Disabled face housing challenges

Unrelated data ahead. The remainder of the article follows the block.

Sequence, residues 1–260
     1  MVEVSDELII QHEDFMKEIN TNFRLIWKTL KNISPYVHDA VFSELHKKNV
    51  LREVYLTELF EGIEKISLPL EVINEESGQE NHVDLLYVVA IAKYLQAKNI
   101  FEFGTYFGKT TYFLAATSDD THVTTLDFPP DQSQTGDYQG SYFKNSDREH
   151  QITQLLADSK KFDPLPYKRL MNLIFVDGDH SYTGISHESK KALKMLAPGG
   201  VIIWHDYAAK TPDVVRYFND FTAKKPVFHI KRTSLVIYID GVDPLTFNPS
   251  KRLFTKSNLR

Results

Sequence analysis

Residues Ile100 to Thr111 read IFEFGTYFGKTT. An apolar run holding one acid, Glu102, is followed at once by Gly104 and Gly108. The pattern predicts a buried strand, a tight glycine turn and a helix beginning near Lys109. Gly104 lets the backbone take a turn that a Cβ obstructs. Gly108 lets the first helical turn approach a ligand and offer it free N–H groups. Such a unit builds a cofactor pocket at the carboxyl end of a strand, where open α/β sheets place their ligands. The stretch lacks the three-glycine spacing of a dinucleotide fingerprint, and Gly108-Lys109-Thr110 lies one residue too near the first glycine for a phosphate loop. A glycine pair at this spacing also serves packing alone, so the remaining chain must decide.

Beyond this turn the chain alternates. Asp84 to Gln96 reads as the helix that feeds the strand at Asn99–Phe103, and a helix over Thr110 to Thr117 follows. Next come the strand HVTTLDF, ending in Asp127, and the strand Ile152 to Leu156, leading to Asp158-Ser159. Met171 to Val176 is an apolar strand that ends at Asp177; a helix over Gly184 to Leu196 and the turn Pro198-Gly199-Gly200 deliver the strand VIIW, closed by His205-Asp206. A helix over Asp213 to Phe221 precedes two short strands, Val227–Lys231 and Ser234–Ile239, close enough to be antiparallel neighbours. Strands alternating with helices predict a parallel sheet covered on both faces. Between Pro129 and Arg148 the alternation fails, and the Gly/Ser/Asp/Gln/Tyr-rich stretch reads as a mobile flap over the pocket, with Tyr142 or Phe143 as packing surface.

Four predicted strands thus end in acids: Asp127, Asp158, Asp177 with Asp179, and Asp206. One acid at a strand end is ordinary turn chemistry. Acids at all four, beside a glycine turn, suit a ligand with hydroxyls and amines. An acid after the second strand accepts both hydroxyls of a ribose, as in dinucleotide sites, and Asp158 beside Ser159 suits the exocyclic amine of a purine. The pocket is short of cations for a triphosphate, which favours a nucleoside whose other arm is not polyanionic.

For several years – like so many others – my wife and I have been trying to find some affordable employee housing. It’s tricky. With my wife being a C-5 quadriplegic, it’s even trickier, and suddenly there are a lot less equal opportunities.Just to enter the housing lottery, we have to find something in the right category as well as something that matches our household size. On top of that, it must be accessible.In any lottery, able-bodied people lose out when a unit is in the wrong category, with the wrong amount of bedrooms.Disabled folks have the “bonus” of losing out when a unit is in the right category, but has no access; or the right amount of bedrooms, but has no access.However, thanks to the hard work of people in Congress in passing the Americans with Disabilities Act, as well as the relentless local effort to fight for affordable housing, affordable disability-accessible units are now being built. This is an amazing thing!Since my wife and I can’t afford a Category 4 two-bedroom unit, we tried to apply for the cheaper Category 3 – three bedrooms together in co-ownership with a colleague and longtime local employee.Having seemingly met all requirements – a three-person household where everyone is employed and has lived here a long time – we were hoping to compete in the lottery.Unfortunately, existing guidelines prioritize households without a disability that have one or more children, including such families with a work history of less that one year in the community. A three-person household of longtime locals with a disabled person, but without a child, is given a lower priority than the newcomers with a child. (It’s hard to have children when you’re paralyzed).In applying for disability-accessible housing, the fact that Leah is paralyzed is in this instance completely being disregarded and ignored.Affordable employee housing is in short supply. Affordable employee housing with mobility disability access is a tiny proportion of short supply. When at 4 p.m. the lottery closes, once again two mobility-accessible housing opportunities will fail to serve the very intent of the program that has created them.These are the meager fruits of the combined work of representatives in the federal government, the endeavors of the people locally who work so hard to fight for affordable and accessible housing. Was the extra taxpayers’ money that went to make that housing adaptable spent for nothing?We are longtime locals dedicated to this community; we love our town. There is no other place in the world where life is so accessible for the disabled – forget the skiing, and forget the natural beauty. I reiterate that since this summer we have a town that is entirely outfitted with sidewalks with ramps. Now that is Aspen kicking butt!This town does so much to include everyone. Great programs like Challenge Aspen make it possible that people, regardless of their disability, can whiz along on the slopes in the winter or go rafting on the river in the summer and not be left behind by their able-bodied friends and families. On our trips away from Aspen we beam to be the inspiration for so many others, just because of those things Aspen empowers us to do and the reason why we want to be here.I’m no great letter-writer and don’t have all the fancy legal terminology. We’ve tried to get answers the past two weeks from officials and applied for a special review, yet nothing worked. For us it’s too late now, but if we want to invest in our community for future times, we need to review our laws. We cannot go through great efforts in making adaptive housing and not put them to use while there is a need.Remember: Disability can occur to anyone on any occasion in a town that loves to mountain bike and ski.Dan and Leah Roland are looking for affordable housing in Aspen.
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